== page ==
The COVID-19 pandemic may have hit many industries, but renewable energy doesn’t seem to be one of them. Looking at activity in New York state, it’s clear that community solar production and the expansion of solar projects have continued despite the global pandemic. Among the newest projects to be implemented is a 2.8-megawatt solar array that was constructed on a 23-acre field in Montgomery. There are currently seven additional farms waiting for approval or presently operating in Montgomery, which has become a focal point of New York’s thriving solar industry.
Montgomery is just the tip of the iceberg as Orange, Sullivan, and Ulster counties have 91 projects between them. Based on Times Herald-Record findings, the New York State Energy Research and Development Authority states that the total output of the proposed, operating, and under-construction projects is 288 megawatts of energy.
Thirty-six of the 91 projects had been completed at the time of the authority’s last update. The production of all 36 sights is estimated to be around 93 megawatts, which is enough to power 14,000 homes. Once the remaining projects are completed, thousands of additional residential properties would be able to benefit from the increase in community solar production.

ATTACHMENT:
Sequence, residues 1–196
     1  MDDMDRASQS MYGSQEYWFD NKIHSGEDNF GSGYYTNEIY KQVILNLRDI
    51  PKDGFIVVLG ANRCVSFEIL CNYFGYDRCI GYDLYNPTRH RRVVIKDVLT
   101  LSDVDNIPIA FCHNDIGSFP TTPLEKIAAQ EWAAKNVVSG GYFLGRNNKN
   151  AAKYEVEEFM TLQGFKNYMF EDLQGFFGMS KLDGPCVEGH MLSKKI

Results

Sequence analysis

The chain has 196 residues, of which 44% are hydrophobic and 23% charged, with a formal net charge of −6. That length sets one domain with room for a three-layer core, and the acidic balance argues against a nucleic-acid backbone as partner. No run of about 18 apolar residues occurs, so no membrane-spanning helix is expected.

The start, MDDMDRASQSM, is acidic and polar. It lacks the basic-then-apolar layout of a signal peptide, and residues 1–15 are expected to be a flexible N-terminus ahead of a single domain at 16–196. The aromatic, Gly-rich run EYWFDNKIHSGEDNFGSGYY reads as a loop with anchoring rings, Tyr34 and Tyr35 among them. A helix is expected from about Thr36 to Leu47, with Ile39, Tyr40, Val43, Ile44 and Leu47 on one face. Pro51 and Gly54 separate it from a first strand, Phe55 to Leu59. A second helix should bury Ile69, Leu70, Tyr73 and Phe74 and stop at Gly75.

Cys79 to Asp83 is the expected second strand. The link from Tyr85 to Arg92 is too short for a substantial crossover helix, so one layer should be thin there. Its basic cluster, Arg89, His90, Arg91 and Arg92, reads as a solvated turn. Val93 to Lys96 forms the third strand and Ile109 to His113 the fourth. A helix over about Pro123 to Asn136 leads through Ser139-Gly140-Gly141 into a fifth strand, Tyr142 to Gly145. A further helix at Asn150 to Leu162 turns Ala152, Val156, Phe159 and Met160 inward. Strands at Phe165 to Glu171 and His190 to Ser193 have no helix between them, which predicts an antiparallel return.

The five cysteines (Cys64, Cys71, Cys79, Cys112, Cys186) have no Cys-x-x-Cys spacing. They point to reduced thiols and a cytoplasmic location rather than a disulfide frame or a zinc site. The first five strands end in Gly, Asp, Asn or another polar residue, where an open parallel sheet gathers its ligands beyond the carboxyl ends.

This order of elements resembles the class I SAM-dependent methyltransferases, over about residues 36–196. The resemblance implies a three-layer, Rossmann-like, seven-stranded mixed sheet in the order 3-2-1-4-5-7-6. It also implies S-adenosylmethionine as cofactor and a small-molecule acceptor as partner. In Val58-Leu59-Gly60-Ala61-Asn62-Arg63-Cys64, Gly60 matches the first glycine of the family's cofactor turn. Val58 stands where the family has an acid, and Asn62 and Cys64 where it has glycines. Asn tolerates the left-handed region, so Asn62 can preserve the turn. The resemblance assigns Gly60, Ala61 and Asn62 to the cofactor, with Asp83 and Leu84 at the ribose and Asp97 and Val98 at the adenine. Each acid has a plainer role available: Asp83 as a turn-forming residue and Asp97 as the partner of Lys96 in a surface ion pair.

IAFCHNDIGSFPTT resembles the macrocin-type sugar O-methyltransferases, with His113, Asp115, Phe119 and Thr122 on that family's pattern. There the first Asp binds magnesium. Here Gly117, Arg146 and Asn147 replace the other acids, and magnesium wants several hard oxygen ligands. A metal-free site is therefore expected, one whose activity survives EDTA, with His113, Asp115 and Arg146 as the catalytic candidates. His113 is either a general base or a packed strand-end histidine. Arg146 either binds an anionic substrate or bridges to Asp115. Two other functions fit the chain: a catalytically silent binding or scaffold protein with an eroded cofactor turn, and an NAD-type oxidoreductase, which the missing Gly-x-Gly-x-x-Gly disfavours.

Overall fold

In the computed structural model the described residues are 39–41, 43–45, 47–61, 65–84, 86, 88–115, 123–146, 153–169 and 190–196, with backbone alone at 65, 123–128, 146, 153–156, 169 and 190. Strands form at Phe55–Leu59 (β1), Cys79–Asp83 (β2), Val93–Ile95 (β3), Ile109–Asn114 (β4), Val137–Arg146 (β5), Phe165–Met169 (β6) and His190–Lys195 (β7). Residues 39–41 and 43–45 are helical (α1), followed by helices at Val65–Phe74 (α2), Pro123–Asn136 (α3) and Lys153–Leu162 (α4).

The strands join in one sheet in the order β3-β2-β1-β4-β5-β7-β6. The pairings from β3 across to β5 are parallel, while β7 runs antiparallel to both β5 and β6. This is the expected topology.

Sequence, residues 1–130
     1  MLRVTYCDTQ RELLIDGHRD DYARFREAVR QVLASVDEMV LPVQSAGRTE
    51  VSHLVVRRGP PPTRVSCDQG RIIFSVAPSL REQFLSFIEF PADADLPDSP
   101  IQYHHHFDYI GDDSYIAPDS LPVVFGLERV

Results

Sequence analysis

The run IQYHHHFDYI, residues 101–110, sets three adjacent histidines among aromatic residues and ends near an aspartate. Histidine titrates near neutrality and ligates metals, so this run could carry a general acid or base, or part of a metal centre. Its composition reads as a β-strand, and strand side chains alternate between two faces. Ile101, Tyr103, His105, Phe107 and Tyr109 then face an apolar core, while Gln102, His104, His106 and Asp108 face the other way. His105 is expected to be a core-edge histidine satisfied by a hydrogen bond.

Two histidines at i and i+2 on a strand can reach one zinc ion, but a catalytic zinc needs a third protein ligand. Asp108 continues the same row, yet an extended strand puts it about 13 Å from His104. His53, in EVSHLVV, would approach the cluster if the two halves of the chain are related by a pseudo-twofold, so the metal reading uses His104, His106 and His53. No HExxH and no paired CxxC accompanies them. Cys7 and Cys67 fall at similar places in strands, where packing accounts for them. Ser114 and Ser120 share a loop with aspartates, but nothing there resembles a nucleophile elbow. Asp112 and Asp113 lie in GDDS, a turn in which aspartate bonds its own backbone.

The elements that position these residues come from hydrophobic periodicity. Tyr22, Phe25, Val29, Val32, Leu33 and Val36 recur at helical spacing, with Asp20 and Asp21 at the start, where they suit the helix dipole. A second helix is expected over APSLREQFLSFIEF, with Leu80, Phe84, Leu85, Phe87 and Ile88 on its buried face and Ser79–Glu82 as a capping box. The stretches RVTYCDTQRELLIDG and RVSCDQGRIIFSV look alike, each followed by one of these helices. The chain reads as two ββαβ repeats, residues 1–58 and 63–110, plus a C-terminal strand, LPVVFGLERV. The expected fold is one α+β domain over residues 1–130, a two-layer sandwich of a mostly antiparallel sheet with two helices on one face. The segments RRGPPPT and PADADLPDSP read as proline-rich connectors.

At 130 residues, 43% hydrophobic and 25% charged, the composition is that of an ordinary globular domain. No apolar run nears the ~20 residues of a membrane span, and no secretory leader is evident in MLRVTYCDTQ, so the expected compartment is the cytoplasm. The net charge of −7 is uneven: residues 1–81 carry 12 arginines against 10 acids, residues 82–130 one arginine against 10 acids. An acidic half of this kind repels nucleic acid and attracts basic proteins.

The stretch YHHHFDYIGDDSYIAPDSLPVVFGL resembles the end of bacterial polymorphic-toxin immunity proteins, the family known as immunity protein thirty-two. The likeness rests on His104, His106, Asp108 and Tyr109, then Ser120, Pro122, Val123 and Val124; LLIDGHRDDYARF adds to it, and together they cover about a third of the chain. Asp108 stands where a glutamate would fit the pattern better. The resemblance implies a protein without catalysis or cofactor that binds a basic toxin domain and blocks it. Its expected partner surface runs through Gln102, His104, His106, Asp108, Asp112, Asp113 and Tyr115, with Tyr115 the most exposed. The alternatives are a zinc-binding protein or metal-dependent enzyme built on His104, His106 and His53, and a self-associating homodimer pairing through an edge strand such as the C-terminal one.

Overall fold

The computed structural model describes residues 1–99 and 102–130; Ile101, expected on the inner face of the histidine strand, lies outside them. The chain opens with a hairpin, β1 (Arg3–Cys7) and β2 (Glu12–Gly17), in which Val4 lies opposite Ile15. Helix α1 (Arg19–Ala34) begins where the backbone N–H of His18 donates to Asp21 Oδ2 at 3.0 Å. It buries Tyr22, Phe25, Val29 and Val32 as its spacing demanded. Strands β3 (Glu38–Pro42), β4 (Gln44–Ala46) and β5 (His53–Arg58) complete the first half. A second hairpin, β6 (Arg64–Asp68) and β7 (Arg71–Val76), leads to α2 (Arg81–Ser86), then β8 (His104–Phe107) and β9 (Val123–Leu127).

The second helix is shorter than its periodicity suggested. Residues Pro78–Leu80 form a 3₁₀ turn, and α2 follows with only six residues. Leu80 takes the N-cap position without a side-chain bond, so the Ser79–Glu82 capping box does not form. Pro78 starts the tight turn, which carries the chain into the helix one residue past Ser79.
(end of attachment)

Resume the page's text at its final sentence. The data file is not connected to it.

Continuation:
Even smaller towns in New York are starting to catch onto the importance of solar and community solar. Goshen’s planning board was in the middle of reviewing four projects just before COVID-19 was discovered. Since then, two additional projects capable of generating 5-megawatts each were brought to the table.
With the increase in community solar arrays and solar farms, some have voiced concern for New York’s agriculture industry. Though usable farmland is being overtaken by solar, the owners of these properties receive tax abatements. With each new project completed or assigned to a parcel of land, New York and its participating counties move one step closer to the goal of complete carbon neutrality.